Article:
This September marks the diamond anniversary of the New Jersey Constitution Committee (1947) and 235 years since the creation of the United States Constitution. The story behind each text carries a deep historical legacy combined with outlining the goals associated with the ideal functions of national and state governments alike. In research terms, each charter has provided extensive scholarship opportunities for the public that the Seton Hall University Libraries has supported over the past several years.
The United States Constitution is the recognized law of the nation which outlines how the government is required to function. It makes provisions for three distinctive divisions of authority – Executive, Legislative, and Judicial. Since 1787, the Constitution proper has been amended 27 times (with the first ten constituting the United States Bill of Rights created on September 25, 1789 and ratified in 1791) through its history and is devoted mainly to individual liberties.
Combined with the abovementioned overview, Articles III-VII principally cover State-focused governance issues. New Jersey was the third state to ratify the United States Constitution in 1789 and in large measure this helped to inspire the content found within the New Jersey Constitution and its two post-Revolution versions. This document is based on the previous State Constitution of 1776 and the first major revised manuscript in 1844 which highlighted such freedoms as religious practice, speech, and related liberties. After a century, the need for an updated State Statute was facilitated through the creation of Governor Alfred E. Driscoll’s Committee on Preparatory Research in early 1947. (“Convention Proceedings Record,” State of New Jersey Constitutional Convention of 1947, v.1, iii-1)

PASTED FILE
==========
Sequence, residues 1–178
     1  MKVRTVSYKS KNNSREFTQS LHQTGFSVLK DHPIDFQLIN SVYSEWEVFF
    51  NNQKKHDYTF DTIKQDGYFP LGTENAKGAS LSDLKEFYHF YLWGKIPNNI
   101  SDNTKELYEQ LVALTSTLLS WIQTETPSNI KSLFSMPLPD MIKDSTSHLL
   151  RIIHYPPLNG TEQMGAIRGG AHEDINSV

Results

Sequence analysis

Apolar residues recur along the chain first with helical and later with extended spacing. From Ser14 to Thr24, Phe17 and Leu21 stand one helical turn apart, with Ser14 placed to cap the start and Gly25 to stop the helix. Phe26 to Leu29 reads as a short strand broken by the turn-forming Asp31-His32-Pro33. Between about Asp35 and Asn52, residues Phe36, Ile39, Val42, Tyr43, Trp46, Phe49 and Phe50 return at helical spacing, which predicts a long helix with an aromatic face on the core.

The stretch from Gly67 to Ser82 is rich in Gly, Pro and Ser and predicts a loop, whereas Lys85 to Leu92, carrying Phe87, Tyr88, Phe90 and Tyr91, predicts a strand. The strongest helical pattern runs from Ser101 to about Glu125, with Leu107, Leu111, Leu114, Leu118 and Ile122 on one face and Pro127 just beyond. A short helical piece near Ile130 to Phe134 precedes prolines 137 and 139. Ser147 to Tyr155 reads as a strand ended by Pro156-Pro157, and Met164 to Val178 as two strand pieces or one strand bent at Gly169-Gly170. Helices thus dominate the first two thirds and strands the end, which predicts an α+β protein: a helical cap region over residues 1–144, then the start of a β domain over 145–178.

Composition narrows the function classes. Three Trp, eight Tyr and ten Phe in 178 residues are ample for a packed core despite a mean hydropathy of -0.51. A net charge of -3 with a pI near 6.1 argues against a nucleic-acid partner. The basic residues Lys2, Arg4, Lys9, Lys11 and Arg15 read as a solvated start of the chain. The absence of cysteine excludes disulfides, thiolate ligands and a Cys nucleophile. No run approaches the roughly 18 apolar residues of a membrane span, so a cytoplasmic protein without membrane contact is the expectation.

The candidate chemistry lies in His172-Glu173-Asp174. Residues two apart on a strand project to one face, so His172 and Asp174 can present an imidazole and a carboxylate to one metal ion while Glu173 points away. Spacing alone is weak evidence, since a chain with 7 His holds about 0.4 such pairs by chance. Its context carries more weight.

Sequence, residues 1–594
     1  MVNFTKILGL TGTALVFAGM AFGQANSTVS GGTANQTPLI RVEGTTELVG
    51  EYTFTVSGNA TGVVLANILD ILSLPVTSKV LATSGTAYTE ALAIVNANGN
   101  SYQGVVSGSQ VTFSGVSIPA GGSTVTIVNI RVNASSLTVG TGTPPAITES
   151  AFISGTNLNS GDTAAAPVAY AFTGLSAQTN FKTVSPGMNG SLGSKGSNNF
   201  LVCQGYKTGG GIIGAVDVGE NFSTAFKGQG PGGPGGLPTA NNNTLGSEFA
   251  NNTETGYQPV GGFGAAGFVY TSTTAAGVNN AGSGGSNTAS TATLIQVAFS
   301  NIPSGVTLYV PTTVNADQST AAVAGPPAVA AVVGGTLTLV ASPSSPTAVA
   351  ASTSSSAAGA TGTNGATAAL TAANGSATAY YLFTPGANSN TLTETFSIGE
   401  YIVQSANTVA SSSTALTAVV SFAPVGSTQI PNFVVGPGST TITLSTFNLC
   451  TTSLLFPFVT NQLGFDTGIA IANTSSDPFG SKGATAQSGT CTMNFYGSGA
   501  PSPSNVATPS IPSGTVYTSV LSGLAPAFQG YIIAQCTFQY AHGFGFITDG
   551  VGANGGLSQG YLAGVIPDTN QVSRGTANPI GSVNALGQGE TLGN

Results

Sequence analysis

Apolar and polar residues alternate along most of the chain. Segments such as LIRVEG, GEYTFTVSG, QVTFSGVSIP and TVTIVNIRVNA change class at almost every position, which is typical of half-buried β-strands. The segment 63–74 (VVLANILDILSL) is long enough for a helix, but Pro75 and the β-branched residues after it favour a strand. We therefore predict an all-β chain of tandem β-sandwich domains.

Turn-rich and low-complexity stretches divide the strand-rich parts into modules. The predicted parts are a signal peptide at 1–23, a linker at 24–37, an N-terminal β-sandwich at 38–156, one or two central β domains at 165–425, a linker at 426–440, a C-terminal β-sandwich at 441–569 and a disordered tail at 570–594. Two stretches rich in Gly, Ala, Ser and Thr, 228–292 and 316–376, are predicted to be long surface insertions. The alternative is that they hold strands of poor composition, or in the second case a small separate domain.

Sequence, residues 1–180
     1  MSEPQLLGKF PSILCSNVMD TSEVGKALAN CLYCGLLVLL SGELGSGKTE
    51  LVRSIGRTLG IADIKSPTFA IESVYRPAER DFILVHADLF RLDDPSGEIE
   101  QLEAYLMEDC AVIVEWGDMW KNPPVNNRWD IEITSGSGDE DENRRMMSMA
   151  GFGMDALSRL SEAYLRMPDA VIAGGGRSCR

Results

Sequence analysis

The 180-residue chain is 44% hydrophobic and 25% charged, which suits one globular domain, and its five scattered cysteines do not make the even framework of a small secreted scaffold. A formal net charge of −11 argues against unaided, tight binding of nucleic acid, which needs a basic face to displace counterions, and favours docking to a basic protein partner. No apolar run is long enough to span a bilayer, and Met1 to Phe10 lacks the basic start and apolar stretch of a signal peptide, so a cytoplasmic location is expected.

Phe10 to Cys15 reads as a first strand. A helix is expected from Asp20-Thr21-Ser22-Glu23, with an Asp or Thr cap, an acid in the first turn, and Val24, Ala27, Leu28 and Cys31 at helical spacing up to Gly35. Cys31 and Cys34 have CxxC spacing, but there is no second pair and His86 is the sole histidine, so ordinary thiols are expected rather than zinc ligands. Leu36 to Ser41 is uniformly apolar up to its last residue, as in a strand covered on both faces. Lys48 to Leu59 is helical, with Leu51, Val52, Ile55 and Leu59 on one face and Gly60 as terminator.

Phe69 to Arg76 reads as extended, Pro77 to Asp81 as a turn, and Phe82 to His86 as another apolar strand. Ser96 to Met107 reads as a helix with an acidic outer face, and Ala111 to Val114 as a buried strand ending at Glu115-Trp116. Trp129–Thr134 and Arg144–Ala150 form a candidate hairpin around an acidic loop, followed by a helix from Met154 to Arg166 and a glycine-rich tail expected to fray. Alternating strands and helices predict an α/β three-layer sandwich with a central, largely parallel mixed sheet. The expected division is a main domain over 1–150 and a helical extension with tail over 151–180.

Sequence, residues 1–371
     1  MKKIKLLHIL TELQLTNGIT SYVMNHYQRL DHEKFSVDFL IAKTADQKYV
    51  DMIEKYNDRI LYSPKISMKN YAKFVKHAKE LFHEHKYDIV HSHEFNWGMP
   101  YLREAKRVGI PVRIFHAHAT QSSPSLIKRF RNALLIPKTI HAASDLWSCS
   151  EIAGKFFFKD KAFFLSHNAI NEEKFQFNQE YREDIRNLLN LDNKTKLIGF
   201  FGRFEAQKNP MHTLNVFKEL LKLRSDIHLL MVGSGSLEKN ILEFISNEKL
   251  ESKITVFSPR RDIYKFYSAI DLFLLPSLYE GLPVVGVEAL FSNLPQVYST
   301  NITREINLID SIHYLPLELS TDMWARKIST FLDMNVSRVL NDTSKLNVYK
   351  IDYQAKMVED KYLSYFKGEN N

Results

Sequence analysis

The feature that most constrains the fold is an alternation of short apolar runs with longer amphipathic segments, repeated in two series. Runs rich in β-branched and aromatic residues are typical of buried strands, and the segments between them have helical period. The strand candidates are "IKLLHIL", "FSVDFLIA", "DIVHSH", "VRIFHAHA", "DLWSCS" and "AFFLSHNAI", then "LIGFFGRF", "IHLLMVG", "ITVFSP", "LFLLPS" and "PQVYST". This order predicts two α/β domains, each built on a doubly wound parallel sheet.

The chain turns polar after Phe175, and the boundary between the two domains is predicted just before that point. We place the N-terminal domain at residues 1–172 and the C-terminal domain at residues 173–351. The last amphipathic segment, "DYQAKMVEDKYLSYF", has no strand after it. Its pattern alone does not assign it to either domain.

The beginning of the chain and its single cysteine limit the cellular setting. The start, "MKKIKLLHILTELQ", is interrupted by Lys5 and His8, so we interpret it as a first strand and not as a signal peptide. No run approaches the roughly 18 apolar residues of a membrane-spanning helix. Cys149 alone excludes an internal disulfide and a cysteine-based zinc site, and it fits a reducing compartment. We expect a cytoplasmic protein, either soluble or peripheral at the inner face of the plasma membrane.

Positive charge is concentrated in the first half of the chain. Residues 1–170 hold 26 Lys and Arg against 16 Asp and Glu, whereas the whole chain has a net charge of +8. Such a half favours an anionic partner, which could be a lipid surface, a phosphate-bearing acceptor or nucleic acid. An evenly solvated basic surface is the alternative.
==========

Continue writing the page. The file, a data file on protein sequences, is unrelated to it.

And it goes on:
Between June 12th and September 10th of 1947 (a deadline of September 13th for close of the Committee Hearings was set ahead of time and met), the Delegates produced a final draft of the newly updated State Constitution. This document was ultimately ratified via a majority vote on the referendum presented to the citizens of New Jersey during the Election of 1947 held on November 4th of that year. (“Convention Proceedings Record,” State of New Jersey Constitutional Convention of 1947, v.1, 923)
During the 1940s-60s, Students in New Jersey Were Presented With a Copy of the volume – “Our Great State Documents” as part of their study on Citizenship
There are numerous study prospects for both the United States and New Jersey Constitutions and user friendly access points available through the Seton Hall University Libraries including the following leads and links highlighted below . . .
Beyond an educated choice of academic specializations, the selection of a nickname, mascot, school colors, special cheers, and other unique campus traditions have long been one of the most important legacies that any college or university can make to universally celebrate their respective athletic teams in particular while honoring their student, alumni, and fan base by extension. On a competitive level sports-wise, there have been an abundance of Tigers, Bulldogs, Lions, Bears, and other wildlife for example in order to show team pride and hopefully inspire fear in opponents. However, other appellations have a logical link to history including such local models as the “Queensmen” of Rutgers College (founded in 1766 as Queen’s College) and the “Vikings” of Upsala (established in 1893 by Swedish educators who noted the nickname was synonymous with Scandinavian lore). Beyond what their opponents were formulating when it came to their own respective mascot preferences, Seton Hall had its own road to image-based immortality.
Throughout its storied history, the hues of “White and Blue” have always been synonymous with Seton Hall. These colors were adopted during the nineteenth century and likely inspired by Bishop James Roosevelt Bayley whose family crest features a series of white stars affixed to a cobalt field. Additionally, Blue is associated with the Blessed Virgin Mary, one of the early patronesses of the school and associated with finding truth while White is the symbol of purity, light, and saints who were not martyred (although Elizabeth Ann Seton was not canonized until 1975, she did not achieve martyrdom). Link to full story here.